Sierra Leone is looking forward to an end of Fifa’s suspension ahead of a year-packed with football competitions .Abdula Rahman Swaray, Acting General Secretary of the Sierra Leone Football Association (SLFA), said on Friday that how soon the country’s suspension is lifted now depends on the actions of the Government and the outcome of a court case involving two former SLFA officials: the suspended President Isha Johansen and her General Secretary Chris Kamara.
The suspension of the two prompted Fifa’s decision to suspend Sierra Leone in October 2018. That came following a protracted disagreement among football stakeholders. Mrs Johansen was elected SLFA President back in 2013 as the first female to hold the position.
But much of her tenue was spent fighting with a faction within the football community who accused her of corruption and maladministration. At some point she had a tough time with the former administration of President Ernest Bai Koroma, which had help seen her elected into office.
Due to the problem, serious football could not be played in Sierra Leone for the next four years.
Last year, the Anti-Corruption Commission (ACC) unsealed an indictment of 10 count charges of corruption and abuse of office against Johansen and Kamara. The ACC went further to evict the two from office, in line with the country’s anti-corruption laws.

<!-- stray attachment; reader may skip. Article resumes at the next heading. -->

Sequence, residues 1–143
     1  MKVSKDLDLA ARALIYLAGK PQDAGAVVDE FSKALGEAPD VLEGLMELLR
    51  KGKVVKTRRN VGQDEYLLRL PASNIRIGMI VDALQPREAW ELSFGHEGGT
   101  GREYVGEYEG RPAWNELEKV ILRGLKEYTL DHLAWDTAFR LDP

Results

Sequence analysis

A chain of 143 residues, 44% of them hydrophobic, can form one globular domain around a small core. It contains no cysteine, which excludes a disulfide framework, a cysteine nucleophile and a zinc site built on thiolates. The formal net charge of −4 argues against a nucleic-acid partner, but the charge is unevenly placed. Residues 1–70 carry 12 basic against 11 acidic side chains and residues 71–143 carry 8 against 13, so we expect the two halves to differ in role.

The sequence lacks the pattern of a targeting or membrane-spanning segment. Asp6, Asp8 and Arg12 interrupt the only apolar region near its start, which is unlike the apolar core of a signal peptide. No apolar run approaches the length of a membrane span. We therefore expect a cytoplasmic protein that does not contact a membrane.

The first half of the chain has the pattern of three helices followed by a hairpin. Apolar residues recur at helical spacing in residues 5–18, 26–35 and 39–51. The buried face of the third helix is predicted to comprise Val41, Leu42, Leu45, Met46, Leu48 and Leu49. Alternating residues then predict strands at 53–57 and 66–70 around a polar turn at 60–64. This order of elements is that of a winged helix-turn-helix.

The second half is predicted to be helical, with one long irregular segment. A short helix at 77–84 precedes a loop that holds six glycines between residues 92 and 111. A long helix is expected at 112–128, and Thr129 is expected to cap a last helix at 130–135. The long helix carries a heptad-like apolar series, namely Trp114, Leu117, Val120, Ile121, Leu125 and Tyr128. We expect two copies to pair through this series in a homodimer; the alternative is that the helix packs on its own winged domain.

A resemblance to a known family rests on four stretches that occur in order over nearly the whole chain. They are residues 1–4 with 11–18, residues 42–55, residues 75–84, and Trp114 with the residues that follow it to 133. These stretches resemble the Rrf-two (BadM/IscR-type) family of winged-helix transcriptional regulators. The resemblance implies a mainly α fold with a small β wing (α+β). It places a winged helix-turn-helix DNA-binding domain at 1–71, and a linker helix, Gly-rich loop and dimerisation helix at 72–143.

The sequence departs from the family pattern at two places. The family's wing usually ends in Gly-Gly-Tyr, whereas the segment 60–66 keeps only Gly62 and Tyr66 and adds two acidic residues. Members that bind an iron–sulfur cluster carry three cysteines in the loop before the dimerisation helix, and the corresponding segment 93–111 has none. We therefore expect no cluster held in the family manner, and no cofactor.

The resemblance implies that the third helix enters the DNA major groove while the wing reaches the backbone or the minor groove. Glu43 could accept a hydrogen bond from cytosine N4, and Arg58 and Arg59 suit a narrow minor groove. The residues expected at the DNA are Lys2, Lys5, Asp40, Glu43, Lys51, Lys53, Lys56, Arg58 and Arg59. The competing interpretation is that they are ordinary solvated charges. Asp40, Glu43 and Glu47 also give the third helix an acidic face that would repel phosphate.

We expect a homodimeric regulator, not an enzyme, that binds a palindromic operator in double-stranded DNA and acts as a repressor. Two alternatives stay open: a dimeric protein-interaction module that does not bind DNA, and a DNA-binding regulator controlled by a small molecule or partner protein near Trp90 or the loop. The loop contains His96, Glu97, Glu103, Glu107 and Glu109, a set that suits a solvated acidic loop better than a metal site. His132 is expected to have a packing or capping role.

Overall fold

Fifa, which had constantly supported Johansen throughout her tenue, suspended the country in line with its policy of non-political interference in football. A high powered government delegation, among them the Vice President, the Chief Minister and the Minister of Justice, held talks with Fifa officials in Zurich, Switzerland, as part of efforts to reverse the suspension. Although that meeting ended in a disappointment for many Sierra Leoneans, officials said it was a success.
The delegation and Fifa signed a MoU which detailed actions to be taken before the country will be reinstated. According to Mr Sawaray, a very important thing that came out clearly in that MoU is the highly contentious issue of Johansen’s unconditional reinstatement was removed from the table.
He said Fifa said that if the matter in court was concluded it might consider lifting the suspension ahead of its Congress slated for this May in Paris, France. “The delay,” he said, “is not Fifa again,” said Mr Swaray.
“Our faith is in the court and the government,” he added in a radio interview. Swaray said the suspension has had an adverse effect on football in the country, leaving the FA particularly financially handicapped. According to the SLFA official, despite the ban, there has been a lot of encouraging signs between the FA and Fifa. He said the world football governing body has been engaging the FA in a lot of competitions in terms of communication.